Flashcards in Respiratory Viruses 1 Deck (26):
URTI causing viruses
Rhinovirus*, Corona virus, Parainfluenza virus, Respiratory syncytial virus (RSV), Influenza virus, Adenovirus, Herpes simplex virus, Epstein-Barr virus
Viruses involved: Rhinovirus and coronavirus (50% + 20%), Adenovirus, Parainfluenza and influenza, Coxsackie virus, RSV (respiratory syncytial virus)
LRTI causing viruses
Parainfluenza virus, RSV, Influenza virus, Adenovirus
Rhinovirus virus bio and infection
Picornavirus, ssRNA, + sense, non-enveloped. Similar to enterovirus, but inactive at pH <6.0. Infects only humans and primates. Usually resolves within 1 week. Typical symptoms: Sore throat, Sneezing, Runny nose, Sometimes low grade fever, Sometimes cough
Pathogenesis of Rhinovirus
Grows best at 33°C, involves URT (mucosal membranes are cooler)**. Most strains bind to ICAM-1 (intracellular adherence molecule-1) receptor on epithelial cells. Symptoms due to release of inflammatory mediators, e.g. histamine, kinins, prostaglandins, cytokines
Inflammatory events with rhinovirus
Dilation of blood vessels. Transudation of plasma. Secretion of seromucous glands and goblet cells. Stimulation of cough and sneezing reflexes. Swelling in nasal cavities. Mobilization of fluid into nasal cavities +/- sore throat, coughing and sneezing. Secretory IgA produced during infection may be important for resolution of the infection
Transmission of rhinovirus
most infectious during intense symptoms (2nd or 3rd day). Direct contact or droplet, hand hygiene important (Fomites important). Kissing is inefficient!
Is stress a factor in getting a cold?
Stress is not a factor in acquiring a cold, but may determine whether it becomes symptomatic
Complications of rhinovirus infection
Acute sinusitis (virus or virus followed by bacteria). Otitis media (up to 80% of young patients), often with bacteria. Exacerbations of chronic bronchitis. Precipitation of asthma (more in children >2 yrs)
Immune reaction to rhinovirus
Non-specific mechanisms of nose cannot contain the viral infection. Increased levels of kinins in nasal secretions, stimulate histamine release. ABs are produced to the specific rhinovirus, but these are not cross reactive to other rhinoviruses
dsDNA, non-enveloped, many subtypes. Common in kids and military recruits. Can cause diarrhea, conjunctivitis, and epidemic keratinoconjunctivitis.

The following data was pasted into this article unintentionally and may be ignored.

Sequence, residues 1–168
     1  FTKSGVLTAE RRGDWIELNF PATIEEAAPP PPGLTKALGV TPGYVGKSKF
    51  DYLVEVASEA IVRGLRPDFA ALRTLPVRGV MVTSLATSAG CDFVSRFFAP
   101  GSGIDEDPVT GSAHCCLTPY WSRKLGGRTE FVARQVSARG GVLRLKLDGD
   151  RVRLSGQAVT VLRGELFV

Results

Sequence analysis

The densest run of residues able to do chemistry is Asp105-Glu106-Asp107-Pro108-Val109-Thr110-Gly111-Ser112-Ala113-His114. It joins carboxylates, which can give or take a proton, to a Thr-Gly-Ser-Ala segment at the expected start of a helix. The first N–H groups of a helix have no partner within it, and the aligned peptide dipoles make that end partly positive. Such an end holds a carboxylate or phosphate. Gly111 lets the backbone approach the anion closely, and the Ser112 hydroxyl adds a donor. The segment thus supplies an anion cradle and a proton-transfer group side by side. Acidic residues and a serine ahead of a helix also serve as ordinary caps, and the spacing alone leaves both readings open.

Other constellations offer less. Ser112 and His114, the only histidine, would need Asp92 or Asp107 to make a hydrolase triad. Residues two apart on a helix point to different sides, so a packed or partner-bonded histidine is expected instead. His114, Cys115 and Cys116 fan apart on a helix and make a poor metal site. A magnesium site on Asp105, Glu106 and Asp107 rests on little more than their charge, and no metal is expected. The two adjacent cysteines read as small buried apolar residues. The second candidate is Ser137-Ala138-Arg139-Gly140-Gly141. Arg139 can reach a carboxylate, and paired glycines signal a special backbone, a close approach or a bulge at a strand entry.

ssRNA, enveloped. Common in animal infections, enteric strains exist. Human strains worldwide. Clinically indistinguishable from rhinovirus infection. Virus causes damage of cilia. Immunity short-lived. Transmission by respiratory droplets. No treatment, No vaccine. Can cause LRTI too.
A coronavirus but it was from an animal so new antigens etc.
RSV (Respiratory Syncytial Virus)
Paramyxoviridae, enveloped. Two types of virus, A and B. Found worldwide. Infects humans and several species of primates
Common in kids (most by 2 yrs). Severe in <8 mo of age. Can infect elderly and immunocompromised, disease resembles Influenza A in these patients
Tropism and pathogenicity of RSV
Target bronchioles. Wheezing and stridorous cough develops in infants with RSV (diameter of infant bronchioles is small and edema and necrosis caused by viral infection may lead to collapse and obstruction of airways). Can also result in involvement of lung parenchyma. Bronchiolitis common. Replication in respiratory epithelium. Causes ciliary dysfunction. syncytia causes degeneration of the respiratory epithelium
Symptoms of RSV
Mild to severe (bronchiolitis and pneumonia → death). First symptom in children is wheezing, apnea or periods of cyanosis/hypoxia. Fever in ~50%. LRTI is seen in ~30-40% of infected children, and pneumonia is more common in infants <6 months of age
Transmission and Tx of RSV
Contact method. Lab tests important for diagnosis.. No vaccine. Possible
Paramyxovirus, ssRNA, - sense, enveloped. Second most important cause of LRTI in small children. Antigenically stable. Types 1-3: infants and children. Type 4: adults. PIV 1: most common cause of croup (acute laryngotracheobronchitis). PIV 3: causes bronchiolitis and pneumonia
Diseases caused by parainfluenza
Croup: especially 6-18 mo old males. Fever, hoarseness, barking cough (seal-like) = Croup. Bronchiolitis: peak incidence in children <1 yr. Fever, Wheezing, Tachypnea, Rales, Pneumonia, Tracheobronchitis. Nonspecific URTI in adults.
Parainfluenza virus pathogenesis
Similar to RSV, Cytokines and immune modulators released, Tropism for respiratory epithelial cells, Use sialic acid on host cells as receptor (common)
Transmission of parainfluenza
Incubation: 5-6 days. Infectious dose low in infants. Shedding of virus 7 days. direct contact and large droplets
Complications of parainfluenza
interstitial pneumonia, giant cell pneumonia, otitis media, acute sinusitis, secondary bacterial infections (seen more often with PIV than RSV)
Influenza virus bio
Influenza A,B,C are enveloped orthomyxoviridae, segmented negative sense genome. Influenza A + B have 8 RNA segments, C has 7. Only Influenza A has subtypes
virus viable on hard surfaces 24-48 hours. Droplet transmission (airborne transmission unproven but suspected)
Symptoms of Influenza
Malaise, Fever, Headache, Myalgia, Cough, Sore throat. More severe in smokers